The Keys to Unlocking Lasting, Wholehearted Love
Linda Carroll's new book, Love Skills, is a companion workbook to her highly regarded Love Cycles: The Five Essential Stages of Lasting Love.
Love Skills is a practical guide to help readers design their own tool kit for creating and maintaining a loving relationship.
Exercises, activities, self-assessments, and other concrete tools allow readers to understand where they are in their relationship. Thorny issues are addressed, including the loss of sexual energy, why what once seemed endearing is now annoying, and the many ways that family history and personality type can wreak havoc in relationships.
Before we can talk about what wholehearted love is, we need to understand what wholeheartedness itself is. While I was writing this chapter and pondering the meaning of this term, a government shutdown threw the country into chaos, perhaps most obviously at the airports.
I had just checked out of my hotel in Washington, DC, to take a plane to Detroit. The man standing in line next to me was also going to the airport, and I remember his comment: “This is going to be a nightmare. Hundreds of people, and no one to check them in.”
He was partially right. There was one huge check-in line for the entire airport with very few staff to move people through. Mixed together were families from India with overflowing carry-ons and backpacks, three brothers from Nigeria, and an elegant woman from Thailand who didn’t speak English. There were women with headscarves, men with Afros, and businessmen in suits. It was a melting pot for sure, but instead of the expected angry faces and loud protests, something else happened that morning. The spirit of helpfulness was palpable, and no one complained even though some flights were being missed or cancelled.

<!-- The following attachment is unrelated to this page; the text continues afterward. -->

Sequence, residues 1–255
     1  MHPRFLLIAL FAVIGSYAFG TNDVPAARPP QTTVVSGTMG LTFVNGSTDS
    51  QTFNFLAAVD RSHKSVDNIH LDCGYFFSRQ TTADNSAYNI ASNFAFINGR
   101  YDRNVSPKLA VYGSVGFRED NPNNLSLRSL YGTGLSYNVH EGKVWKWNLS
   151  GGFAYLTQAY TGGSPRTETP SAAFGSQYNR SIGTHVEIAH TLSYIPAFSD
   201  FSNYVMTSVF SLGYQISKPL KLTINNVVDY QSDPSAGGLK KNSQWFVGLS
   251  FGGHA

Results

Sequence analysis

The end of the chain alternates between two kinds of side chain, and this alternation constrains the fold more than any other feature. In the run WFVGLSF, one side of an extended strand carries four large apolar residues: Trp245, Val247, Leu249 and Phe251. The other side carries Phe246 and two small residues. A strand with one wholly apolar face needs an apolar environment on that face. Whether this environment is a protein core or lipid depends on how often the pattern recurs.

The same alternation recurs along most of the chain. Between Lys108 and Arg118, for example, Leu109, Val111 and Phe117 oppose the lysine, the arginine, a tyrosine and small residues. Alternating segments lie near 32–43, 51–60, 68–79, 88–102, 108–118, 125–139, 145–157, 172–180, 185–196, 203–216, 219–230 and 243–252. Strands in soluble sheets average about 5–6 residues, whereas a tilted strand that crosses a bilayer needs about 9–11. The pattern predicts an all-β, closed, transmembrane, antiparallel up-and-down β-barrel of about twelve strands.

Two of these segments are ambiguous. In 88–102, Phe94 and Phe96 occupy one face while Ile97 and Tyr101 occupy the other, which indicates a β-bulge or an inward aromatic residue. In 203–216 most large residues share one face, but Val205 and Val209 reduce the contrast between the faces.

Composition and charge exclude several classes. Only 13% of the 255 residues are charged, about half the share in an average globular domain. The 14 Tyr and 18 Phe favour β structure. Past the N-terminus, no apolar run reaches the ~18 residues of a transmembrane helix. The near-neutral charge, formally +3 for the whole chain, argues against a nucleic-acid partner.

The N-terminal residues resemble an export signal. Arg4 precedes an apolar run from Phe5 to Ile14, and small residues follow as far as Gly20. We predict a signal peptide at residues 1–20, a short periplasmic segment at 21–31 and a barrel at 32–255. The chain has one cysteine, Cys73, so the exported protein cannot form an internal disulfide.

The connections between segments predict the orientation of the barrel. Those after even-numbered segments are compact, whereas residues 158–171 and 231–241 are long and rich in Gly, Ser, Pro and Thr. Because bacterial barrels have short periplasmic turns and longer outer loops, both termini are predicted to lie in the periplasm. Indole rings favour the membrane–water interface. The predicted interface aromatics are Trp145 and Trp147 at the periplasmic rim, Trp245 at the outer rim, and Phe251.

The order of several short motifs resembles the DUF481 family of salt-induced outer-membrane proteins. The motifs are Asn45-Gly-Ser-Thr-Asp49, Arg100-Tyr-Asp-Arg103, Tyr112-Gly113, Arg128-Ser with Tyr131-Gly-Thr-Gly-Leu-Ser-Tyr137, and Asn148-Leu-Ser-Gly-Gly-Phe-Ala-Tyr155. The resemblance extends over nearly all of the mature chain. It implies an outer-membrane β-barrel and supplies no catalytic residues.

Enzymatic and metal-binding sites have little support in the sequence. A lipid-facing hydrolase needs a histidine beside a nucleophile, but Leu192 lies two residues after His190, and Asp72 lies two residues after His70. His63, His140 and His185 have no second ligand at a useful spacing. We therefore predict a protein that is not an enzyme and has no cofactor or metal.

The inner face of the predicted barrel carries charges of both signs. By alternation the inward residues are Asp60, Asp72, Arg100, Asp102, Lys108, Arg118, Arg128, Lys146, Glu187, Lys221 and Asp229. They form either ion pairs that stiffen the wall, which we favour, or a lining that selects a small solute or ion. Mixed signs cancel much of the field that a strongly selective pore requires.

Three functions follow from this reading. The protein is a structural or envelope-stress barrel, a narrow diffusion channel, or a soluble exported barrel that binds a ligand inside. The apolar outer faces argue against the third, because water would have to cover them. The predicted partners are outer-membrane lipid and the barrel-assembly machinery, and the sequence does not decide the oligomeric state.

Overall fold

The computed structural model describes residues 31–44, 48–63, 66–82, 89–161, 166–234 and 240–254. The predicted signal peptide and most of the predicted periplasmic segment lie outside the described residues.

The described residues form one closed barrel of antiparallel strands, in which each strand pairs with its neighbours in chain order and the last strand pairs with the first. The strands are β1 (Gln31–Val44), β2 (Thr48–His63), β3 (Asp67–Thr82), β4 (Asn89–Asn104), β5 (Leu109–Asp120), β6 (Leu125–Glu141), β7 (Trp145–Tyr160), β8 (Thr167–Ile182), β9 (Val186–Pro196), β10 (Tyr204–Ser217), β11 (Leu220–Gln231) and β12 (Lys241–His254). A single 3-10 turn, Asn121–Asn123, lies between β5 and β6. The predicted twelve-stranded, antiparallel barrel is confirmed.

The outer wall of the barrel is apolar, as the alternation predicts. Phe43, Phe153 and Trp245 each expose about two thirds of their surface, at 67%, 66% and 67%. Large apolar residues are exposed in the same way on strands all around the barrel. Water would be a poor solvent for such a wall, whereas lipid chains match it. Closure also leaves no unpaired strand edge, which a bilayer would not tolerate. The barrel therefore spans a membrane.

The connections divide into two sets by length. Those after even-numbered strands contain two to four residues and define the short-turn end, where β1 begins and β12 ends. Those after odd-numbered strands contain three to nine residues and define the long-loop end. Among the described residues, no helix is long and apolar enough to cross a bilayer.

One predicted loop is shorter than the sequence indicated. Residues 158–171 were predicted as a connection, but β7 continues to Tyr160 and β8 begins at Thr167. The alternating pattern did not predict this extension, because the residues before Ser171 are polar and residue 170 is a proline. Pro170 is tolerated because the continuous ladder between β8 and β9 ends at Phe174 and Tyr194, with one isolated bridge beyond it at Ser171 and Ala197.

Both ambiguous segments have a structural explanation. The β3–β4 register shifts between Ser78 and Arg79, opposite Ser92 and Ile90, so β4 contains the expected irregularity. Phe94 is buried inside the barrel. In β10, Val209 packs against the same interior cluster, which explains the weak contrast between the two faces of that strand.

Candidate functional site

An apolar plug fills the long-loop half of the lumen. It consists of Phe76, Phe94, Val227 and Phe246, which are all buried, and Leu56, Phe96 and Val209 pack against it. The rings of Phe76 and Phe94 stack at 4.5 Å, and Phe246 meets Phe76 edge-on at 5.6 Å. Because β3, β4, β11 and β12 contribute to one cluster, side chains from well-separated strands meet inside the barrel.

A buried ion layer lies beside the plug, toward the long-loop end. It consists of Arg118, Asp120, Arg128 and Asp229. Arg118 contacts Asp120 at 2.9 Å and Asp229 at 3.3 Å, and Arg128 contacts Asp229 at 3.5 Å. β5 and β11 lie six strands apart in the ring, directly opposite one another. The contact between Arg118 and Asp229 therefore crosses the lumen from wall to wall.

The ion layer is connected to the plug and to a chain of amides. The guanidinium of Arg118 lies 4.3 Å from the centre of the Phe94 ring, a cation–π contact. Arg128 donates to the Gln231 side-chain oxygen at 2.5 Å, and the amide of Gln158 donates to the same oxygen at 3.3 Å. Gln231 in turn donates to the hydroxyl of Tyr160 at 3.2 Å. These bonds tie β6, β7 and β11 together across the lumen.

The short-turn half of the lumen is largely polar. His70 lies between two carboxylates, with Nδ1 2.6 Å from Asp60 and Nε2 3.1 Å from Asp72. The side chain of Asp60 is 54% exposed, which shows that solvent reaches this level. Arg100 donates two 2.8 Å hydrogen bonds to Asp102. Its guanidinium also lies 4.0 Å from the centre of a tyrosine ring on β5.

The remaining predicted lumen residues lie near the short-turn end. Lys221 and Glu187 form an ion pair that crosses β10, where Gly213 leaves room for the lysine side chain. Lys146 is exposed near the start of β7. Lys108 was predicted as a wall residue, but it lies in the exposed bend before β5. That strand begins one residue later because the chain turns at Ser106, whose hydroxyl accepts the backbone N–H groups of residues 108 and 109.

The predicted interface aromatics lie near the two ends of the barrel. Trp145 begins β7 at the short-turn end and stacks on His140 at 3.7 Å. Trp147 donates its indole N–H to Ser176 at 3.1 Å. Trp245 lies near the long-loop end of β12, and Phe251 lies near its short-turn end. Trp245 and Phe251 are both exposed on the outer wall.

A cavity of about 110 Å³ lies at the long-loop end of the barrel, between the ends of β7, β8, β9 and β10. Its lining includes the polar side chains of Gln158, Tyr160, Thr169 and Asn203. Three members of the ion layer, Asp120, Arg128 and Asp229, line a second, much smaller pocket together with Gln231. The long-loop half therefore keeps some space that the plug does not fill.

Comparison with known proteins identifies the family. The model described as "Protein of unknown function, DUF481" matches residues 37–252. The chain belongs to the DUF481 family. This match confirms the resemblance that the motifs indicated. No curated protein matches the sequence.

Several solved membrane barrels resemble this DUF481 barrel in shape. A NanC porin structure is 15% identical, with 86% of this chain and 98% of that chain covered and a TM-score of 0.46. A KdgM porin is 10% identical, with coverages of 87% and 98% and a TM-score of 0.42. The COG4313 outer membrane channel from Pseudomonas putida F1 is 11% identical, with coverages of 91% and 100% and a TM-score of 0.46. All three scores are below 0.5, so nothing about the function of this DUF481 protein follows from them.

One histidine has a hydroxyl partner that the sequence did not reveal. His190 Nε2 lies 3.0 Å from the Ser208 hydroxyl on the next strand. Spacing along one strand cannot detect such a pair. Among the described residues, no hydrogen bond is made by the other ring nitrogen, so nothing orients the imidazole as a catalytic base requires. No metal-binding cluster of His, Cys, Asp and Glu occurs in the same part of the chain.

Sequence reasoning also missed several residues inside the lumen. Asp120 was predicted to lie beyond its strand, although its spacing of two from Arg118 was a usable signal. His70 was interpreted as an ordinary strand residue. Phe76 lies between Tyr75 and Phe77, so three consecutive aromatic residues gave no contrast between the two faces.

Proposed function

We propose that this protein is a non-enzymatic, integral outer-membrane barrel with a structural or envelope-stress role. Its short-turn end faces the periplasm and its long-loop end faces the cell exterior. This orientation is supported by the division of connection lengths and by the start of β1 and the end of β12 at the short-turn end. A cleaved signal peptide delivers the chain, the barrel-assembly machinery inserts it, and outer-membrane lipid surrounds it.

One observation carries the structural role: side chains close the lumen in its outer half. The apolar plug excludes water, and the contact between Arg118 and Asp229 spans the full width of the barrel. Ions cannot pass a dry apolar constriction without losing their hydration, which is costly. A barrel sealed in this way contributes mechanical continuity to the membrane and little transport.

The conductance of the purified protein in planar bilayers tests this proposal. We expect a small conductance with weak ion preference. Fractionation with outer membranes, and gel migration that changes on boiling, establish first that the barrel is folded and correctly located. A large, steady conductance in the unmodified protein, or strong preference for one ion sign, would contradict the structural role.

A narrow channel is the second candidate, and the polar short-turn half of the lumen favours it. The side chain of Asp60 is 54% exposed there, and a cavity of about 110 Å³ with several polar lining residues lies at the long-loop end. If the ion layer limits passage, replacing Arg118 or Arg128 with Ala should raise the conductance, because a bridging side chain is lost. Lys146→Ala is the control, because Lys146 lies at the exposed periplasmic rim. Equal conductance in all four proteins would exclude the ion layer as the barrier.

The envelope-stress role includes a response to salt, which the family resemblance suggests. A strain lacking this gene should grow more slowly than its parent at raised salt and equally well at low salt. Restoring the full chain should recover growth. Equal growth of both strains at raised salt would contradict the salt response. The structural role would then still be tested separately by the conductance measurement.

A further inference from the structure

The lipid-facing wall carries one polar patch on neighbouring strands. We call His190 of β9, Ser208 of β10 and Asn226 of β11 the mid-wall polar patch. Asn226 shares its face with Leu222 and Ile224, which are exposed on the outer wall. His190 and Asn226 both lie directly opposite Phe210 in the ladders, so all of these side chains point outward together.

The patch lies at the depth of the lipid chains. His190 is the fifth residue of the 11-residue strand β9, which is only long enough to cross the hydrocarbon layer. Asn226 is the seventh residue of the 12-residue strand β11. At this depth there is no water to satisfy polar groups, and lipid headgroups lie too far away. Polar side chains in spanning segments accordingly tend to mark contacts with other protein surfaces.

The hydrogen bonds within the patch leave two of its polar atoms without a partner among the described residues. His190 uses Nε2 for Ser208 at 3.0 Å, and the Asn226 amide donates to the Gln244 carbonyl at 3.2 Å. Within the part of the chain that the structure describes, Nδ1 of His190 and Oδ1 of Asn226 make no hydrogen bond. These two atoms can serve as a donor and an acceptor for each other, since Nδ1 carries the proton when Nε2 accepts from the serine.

During the ninety minutes I stood in line, I saw several things unfold. A Muslim woman handed out apricot halal candy to a family from Guatemala with four kids. People chatted with one another, sharing their anxiety about missing flights and telling stories from their lives — about where they had come from and where they were going — more deeply and honestly than I’d ever heard strangers share.
The Nigerian brothers insisted an older couple go in front of them and helped them with their large carry-ons as the line slowly moved forward. Many people thanked the few TSA staff for coming in to work that day without pay. Oxytocin — the “love hormone” — was in the air, and the spirit of goodwill was everywhere.
That is wholeheartedness. Out of life’s brokenness, its troubles, and impossibility, we come together to care for and support one another in authenticity and intention. We connected that day through our shared struggle about the disruption to our lives, the vulnerability we were feeling, and the kindness we showed to each other in the midst of a fiasco.